Time & gravity are great for a crystal clear brew

Offline Freak

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Re: When to rack from 1st to 2nd?
« Reply #21 on: April 13, 2014, 12:44:50 AM »
OK.... Here I go again... Get ready for the "Spite-O-Thon"!

I typically go from primary to keg in one week. If I get lazy and don't get it kegged on the first weekend after brew day I do it the next weekend. It just doesn't matter, that much, where it does what, and when. I am sure that there is some kind of brewing law that prohibits this and could get ya 15-20 behind bars but, that yeast is gonna do it's job no matter where it is as long as the temps. are in range. So what if something settles out. What happens in bottle conditioning. Stuff is gonna settle. In a keg you pull off any sediment on the first pull. Long as you don't move the keg it's fine. If you must move a keg (and I frequently do) just transfer to another one. OK. Smite away!!!
Brewing massive amounts of freakin' good beer since 1991. We had to learn the hard way. No homebrew stores or beer nerds (like me) to talk to back then. Just pure passion and determination. Relax, Don't Worry, Have A Homebrew! -23 Karma! Yee Ha!! It went up! Smite me if you must but, trust me.

Offline ihikeut

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Re: When to rack from 1st to 2nd?
« Reply #22 on: April 13, 2014, 08:18:06 AM »
Freak glad to see you posting again.  I think most of the smites you received came from post on sanitation, and a little name calling. I did not realize brewers were still open fermenting beer until you and brewfun pointed it out. But I feel it's for very experience brewers. I personally did not smite you and think you will loose a few smites.
« Last Edit: April 13, 2014, 06:56:03 PM by ihikeut »

Offline Scott Ickes

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Re: When to rack from 1st to 2nd?
« Reply #23 on: April 13, 2014, 09:09:55 AM »
OK.... Here I go again... Get ready for the "Spite-O-Thon"!

I typically go from primary to keg in one week. If I get lazy and don't get it kegged on the first weekend after brew day I do it the next weekend. It just doesn't matter, that much, where it does what, and when. I am sure that there is some kind of brewing law that prohibits this and could get ya 15-20 behind bars but, that yeast is gonna do it's job no matter where it is as long as the temps. are in range. So what if something settles out. What happens in bottle conditioning. Stuff is gonna settle. In a keg you pull off any sediment on the first pull. Long as you don't move the keg it's fine. If you must move a keg (and I frequently do) just transfer to another one. OK. Smite away!!!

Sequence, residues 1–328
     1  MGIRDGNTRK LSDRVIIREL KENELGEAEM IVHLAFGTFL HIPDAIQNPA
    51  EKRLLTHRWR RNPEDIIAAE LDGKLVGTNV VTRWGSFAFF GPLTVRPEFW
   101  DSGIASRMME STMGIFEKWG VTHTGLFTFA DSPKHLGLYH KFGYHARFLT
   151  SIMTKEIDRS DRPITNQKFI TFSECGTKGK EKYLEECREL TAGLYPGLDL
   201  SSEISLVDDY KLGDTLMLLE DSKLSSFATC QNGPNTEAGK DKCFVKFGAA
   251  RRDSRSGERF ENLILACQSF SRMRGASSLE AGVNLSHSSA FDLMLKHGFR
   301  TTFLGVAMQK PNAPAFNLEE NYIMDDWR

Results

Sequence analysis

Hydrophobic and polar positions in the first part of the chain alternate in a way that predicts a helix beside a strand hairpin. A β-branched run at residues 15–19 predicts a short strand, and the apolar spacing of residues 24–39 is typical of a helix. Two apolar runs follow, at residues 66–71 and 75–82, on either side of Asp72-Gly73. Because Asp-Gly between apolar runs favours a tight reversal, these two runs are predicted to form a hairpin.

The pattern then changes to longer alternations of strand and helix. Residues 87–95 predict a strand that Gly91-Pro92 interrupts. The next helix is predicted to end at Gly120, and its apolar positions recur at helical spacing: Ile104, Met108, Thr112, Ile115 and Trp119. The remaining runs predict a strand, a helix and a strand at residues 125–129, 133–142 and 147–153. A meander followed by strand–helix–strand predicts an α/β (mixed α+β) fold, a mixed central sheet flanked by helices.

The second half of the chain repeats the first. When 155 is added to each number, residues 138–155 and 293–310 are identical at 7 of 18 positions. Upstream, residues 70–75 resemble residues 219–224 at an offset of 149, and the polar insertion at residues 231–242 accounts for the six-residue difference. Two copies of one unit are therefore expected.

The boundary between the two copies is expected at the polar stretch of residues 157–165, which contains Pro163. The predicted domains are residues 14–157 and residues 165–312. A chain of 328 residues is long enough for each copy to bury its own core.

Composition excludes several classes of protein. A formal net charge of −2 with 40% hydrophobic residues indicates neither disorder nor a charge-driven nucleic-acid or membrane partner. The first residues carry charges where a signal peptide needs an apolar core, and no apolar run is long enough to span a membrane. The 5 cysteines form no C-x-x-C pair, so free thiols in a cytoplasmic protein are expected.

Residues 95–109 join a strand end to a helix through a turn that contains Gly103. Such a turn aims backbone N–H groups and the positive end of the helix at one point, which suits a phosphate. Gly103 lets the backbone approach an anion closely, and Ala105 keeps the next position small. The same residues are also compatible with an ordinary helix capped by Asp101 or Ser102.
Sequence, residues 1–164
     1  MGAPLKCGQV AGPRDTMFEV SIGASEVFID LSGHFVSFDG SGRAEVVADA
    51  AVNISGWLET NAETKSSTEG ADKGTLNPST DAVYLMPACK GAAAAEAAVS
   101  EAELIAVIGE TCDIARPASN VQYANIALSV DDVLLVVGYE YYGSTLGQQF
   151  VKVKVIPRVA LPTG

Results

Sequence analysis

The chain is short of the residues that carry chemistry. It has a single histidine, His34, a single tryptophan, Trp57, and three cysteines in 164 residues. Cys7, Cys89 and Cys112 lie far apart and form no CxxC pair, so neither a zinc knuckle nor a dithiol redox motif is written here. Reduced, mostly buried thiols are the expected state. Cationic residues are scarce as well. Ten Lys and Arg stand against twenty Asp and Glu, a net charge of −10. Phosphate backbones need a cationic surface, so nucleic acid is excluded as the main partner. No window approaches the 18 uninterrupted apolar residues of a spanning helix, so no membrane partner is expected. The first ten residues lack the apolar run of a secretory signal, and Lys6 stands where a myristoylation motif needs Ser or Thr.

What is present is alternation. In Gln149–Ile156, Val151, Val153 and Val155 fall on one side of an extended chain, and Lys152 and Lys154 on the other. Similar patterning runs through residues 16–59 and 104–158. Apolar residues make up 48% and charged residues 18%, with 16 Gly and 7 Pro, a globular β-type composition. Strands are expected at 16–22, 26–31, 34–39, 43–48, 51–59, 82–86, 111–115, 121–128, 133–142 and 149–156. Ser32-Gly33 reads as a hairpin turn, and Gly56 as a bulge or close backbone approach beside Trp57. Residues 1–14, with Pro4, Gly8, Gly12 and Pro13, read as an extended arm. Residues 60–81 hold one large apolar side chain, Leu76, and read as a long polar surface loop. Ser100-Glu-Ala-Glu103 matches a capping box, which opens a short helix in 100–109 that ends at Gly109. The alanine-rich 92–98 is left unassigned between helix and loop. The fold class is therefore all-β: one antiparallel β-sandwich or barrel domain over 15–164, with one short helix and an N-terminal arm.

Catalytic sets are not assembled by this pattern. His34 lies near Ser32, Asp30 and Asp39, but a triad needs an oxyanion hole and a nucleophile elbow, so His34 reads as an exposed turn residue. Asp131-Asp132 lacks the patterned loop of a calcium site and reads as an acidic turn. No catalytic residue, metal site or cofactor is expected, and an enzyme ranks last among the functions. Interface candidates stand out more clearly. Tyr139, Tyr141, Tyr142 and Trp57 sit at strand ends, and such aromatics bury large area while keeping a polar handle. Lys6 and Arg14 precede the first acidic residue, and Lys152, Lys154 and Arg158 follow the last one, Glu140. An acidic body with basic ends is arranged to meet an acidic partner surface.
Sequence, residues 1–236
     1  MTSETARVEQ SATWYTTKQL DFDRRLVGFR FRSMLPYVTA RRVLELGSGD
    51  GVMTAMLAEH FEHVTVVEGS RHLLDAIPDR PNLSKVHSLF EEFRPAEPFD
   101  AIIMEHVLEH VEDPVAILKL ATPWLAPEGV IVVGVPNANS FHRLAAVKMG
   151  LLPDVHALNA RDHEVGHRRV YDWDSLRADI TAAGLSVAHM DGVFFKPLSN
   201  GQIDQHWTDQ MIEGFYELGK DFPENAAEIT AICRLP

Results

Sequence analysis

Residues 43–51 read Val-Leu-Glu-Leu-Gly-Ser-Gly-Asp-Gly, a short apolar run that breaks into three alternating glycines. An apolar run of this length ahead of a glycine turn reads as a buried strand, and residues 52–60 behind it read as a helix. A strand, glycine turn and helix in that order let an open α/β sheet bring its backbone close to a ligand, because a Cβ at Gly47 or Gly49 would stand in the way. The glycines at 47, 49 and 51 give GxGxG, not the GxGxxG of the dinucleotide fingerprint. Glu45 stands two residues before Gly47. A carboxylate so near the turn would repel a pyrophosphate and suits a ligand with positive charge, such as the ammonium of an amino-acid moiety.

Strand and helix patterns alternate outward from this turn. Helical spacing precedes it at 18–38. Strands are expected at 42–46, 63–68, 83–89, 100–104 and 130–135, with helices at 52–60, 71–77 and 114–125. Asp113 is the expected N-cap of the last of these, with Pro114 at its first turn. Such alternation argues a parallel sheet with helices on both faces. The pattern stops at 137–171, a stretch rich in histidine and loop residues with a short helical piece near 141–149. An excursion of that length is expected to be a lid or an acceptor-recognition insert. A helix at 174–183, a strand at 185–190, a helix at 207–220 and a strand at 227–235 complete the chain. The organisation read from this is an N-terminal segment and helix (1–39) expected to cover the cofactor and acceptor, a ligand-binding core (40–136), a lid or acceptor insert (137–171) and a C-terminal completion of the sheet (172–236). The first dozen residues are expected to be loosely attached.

This isn't bad advice Freak.  It's a matter of personal preference.  The only thing is termperature.  A lot of time, once it's in the keg, it goes to lower temperature storage.  This doesn't give the yeast a chance for a diacytel rest at 70+F.  You'll have a different taste profile compared to with or without this rest at a higher temperature.  You could also temperature control your keg and get a diacytel rest too. 

So, it's personal preference.
Kegs:
 Red IPA
 ESB
 Saison Solera
 Dubel (Aged in Malbec Wine Barrel
Aging:
 80 Shilling (In bourbon barrel)
Bottled
 Peppermint Patty Stout
 Wee Heavy

Scott Ickes
https://creativebrewing.wordpress.com

Offline twhitaker

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Re: When to rack from 1st to 2nd?
« Reply #24 on: April 13, 2014, 06:49:27 PM »
I agree with JTOOTS.   I find a definite advantage of racking beer to a secondary at about S.G.1020, Around 12 days, and bubbler activity slowed to about 45 seconds . If you angle your hose right in the bottom of the carboy,  there is a swirl motion created.  This is a type of whirpooling, same as the last few minutes of the boil with Irish Moss.  This whirpool action and clean glass bottom settles the beer out in a matter of days. It begins immediately, with sediment accumulating within an hour. I really think beer clears much faster by doing this. I have left beer in the primary many moons ago and found it takes about a week longer (sometimes two) to settle, clear and finish fermenting. The beer is still able to  finish off fermenting and leaves a nice little yeast film on the bottom of the secondary. I am able to brew again because the primary is freed up, and when the SG drops to 4 points above terminal, I bottle 6- 500 ml bottles and fill a 19 liter ball lock s.s. Corny keg. It can carbonate under keg pressure 28 psi and finish fermenting at the same time, about 5 five days; and the captured bottle ferment will carbonate the bottles.( in about 14 days at room temperature)  I am now drinking a reasonably clear pilsner that was brewed 18 days ago, March 28. In a week it will be completely clear and be officially "Ready"
Also like to dry hop in carboy secondary, and let it clear/settle out.  takes about a week longer.
 I am a newbie on this board but have my original C.A.B.A. (Canadian Amateur Brewing Association) membership from 1986 and have brewed hundreds of 6 gallon batches, one 24 us gal batch,and two 12 gallon batches.
« Last Edit: April 14, 2014, 08:05:44 AM by twhitaker »